The Bison natural-gas pipeline exploded in a remote area near Gillette, Wyo., on July 20, 2011, six months after it went into service.
The explosion blew out a 12-metre section of pipeline and shook buildings more than a kilometre away, but caused no injuries or death.
Documents obtained by CBC News detail a pipeline project with problems relating to welding and inspection.
“We are in trouble on the Bison project,” the pipelines’ construction manager wrote in a Sept. 18, 2010, internal email that lists problems related to welding and inspection. Construction of the project had started in August 2010.
The U.S. Pipeline and Hazardous Materials Safety Administration (PHMSA) inspected the Bison project in September 2010, and took issue with the quality-assurance of inspections, the qualifications of people working on the pipeline and the procedures used to test the coating on the pipe.
PHMSA later said that the "construction activities affecting safety" appeared to be corrected before the pipeline went into service, the documents show.
Blast caused by “mechanical damage"
CBC News also obtained an all-staff internal memo issued by TransCanada CEO Russ Girling on Aug. 11, 2011, in which he acknowledged problems with an earlier phase of the existing Keystone line, and the ill-fated Bison pipeline.
"We have experienced some challenges with the startup of our Keystone and Bison pipelines which has been disappointing for both TransCanada and its customers,” he wrote. “I know our operations teams are working hard to address these reliability and integrity issues to ensure the safe return to full operation."
In May 2012, nine months after that internal memo, Girling wrote to the New York Times stating that TransCanada had "safely and reliably operated pipelines and other energy infrastructure across North America for more than 60 years."
Two months before the Bison line rupture, TransCanada's director of pipeline integrity was quoted in an industry trade journal saying that Bison was built with “state-of-the-art” technology. "They [the pipelines] will be in place for 20 or 30 years before they need any repairs," the director said.
A day after the 2011 explosion, PHMSA issued a six-page “corrective action order” to TransCanada.
Such an order is usually issued only after a hearing but in this case the regulator found that “failure to issue order expeditiously will likely result in serious harm to life, property, or the environment.”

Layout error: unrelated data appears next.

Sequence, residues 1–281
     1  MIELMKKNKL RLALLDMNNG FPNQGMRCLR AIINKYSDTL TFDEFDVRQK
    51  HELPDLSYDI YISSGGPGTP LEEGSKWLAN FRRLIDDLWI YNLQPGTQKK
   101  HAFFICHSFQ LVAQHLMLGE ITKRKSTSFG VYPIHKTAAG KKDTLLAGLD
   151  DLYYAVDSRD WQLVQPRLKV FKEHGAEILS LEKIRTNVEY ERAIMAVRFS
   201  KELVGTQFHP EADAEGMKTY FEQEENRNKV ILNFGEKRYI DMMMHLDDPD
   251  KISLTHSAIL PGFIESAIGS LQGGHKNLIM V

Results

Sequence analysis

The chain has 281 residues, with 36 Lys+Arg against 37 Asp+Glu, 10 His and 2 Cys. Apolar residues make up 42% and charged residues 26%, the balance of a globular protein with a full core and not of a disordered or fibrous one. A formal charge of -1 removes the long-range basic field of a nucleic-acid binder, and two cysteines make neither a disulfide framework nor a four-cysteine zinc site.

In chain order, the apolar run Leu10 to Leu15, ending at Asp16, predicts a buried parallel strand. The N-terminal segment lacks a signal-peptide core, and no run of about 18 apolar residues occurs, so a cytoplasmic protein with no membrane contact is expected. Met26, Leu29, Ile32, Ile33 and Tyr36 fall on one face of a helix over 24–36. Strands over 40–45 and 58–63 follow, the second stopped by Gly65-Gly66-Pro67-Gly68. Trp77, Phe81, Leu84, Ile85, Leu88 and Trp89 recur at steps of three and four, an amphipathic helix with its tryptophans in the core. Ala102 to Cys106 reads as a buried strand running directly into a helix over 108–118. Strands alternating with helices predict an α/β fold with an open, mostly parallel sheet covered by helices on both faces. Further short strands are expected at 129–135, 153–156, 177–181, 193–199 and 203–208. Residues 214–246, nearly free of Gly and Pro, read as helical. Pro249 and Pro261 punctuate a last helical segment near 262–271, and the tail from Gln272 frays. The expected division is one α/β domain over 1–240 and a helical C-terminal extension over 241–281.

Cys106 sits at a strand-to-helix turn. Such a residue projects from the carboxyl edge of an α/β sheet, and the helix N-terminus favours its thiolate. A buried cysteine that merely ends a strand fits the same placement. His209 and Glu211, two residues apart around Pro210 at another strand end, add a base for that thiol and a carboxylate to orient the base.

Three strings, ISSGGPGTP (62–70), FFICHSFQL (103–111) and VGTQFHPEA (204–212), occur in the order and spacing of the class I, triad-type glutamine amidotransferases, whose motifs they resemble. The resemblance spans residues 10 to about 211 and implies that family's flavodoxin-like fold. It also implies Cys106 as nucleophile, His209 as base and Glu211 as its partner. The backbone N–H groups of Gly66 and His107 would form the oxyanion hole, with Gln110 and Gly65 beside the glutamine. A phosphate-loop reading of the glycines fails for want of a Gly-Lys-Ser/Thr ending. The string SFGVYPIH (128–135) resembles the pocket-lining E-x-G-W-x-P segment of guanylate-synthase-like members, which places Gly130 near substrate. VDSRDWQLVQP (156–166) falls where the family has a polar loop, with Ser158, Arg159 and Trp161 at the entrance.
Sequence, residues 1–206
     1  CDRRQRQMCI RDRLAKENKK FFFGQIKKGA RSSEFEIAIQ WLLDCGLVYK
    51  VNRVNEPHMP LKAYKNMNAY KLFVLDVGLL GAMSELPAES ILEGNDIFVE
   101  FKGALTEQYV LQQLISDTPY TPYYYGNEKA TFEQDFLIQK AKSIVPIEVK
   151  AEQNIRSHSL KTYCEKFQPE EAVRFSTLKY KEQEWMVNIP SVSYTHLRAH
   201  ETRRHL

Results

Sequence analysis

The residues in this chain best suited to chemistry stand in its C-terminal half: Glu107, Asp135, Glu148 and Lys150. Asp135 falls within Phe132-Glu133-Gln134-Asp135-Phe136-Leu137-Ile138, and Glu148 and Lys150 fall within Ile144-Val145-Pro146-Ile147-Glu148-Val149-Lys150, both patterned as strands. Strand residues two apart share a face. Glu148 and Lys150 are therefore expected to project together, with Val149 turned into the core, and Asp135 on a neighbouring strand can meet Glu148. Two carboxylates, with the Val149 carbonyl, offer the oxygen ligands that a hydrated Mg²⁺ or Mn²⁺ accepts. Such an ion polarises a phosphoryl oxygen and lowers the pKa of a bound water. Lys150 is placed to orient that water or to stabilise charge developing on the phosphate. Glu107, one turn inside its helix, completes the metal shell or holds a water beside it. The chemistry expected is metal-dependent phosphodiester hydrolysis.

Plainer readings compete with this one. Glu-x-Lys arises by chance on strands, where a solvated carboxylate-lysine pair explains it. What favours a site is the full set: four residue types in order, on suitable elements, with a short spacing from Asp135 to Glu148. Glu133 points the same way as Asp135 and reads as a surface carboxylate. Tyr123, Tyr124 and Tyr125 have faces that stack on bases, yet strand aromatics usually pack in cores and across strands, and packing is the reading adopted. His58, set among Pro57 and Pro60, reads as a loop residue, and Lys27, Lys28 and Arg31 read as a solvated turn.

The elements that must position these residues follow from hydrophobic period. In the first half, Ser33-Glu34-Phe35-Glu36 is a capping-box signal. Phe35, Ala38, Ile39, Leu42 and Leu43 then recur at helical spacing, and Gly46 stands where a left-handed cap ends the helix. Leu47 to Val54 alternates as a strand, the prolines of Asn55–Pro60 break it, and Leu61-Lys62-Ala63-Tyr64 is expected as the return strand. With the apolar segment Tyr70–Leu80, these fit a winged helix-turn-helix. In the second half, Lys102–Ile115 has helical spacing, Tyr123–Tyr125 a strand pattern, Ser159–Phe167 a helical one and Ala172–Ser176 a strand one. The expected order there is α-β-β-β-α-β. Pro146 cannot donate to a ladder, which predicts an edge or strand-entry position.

PHMSA has yet to determine the cause of the rupture, but in a statement to CBC News, TransCanada says "the damage most likely occurred during backfilling at the end of construction.”
However, TransCanada says no damage was noted by its own inspectors, nor did it receive any reports at the time.
Whistleblower worried about inspections
In particular, emails obtained by CBC News revealed concerns with inspections.
"I worry with the poor welding inspection that we may have a problem, but getting it done is a pretty significant problem as well," TransCanada engineer Evan Vokes wrote in response to the Sept. 18, 2010, email from the manager.
TransCanada fired the metallurgical engineer and inspection expert this May for undisclosed reasons. But not before Vokes sent general concerns about poor inspection practices within the company to the National Energy Board (NEB), Canada's energy-industry regulator.
The NEB investigated and found “many of the allegations of regulatory non-compliance with NEB regulations were verified by TransCanada’s internal audit.”
But it said none of the identified problems posed an immediate risk to the public and it confirmed a TransCanada statement that many of the problems were either fixed, or in the process of being fixed.
Still, the federal regulator warned TransCanada it would not tolerate further infractions of regulations related to welding inspections, the training of pipeline inspectors and internal engineering standards. It also announced a further audit of the company’s inspection and engineering procedures.
TransCanada had sent Vokes, the metallurgical engineer, down to Wyoming in September 2010 to help sort out problems with poor inspections on the Bison pipeline.
Vokes found what he said were examples of shoddy welding and poorly trained inspectors who were not identifying all the welding problems.
"There was a problem with everything,” Vokes told CBC News senior investigative correspondent Diana Swain in an exclusive television interview. "It seemed like every time you turned around, there was a new one."
In a statement to the CBC, TransCanada said safety requirements "resulted in increased inspections and audits by PHMSA" and that they "worked co-operatively with the regulator to improve construction practices accordingly." The statement says that in the end, "TransCanada was commended for its exceptional performance" around welding.
Rushed construction troubled ranchers
These latest revelations about TransCanada's inspection and engineering practices come in the midst of a U.S. presidential election campaign in which the proposed Keystone XL pipeline is a major issue.
A subsidiary of Calgary-based TransCanada Corp. is proposing to build the controversial $12-billion pipeline to transport 830,000 barrels a day of mostly Alberta oilsands crude to refineries on the U.S. Gulf Coast.
The Bison pipeline passes through Montana rancher Cody Johnson’s land and the proposed Keystone XL extension would also cross his land.
"I pray about every night, that the Keystone one, that they don’t let them come through,” Johnson told CBC News. “I don’t want the Keystone line after the Bison one. I didn’t want the Bison line either to be honest with you.”
The $630-million US, 487-kilometre Bison pipeline snakes underground from eastern Wyoming to southwestern North Dakota, passing through southeastern Montana.
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Below is a statement from TransCanada Pipelines to CBC News: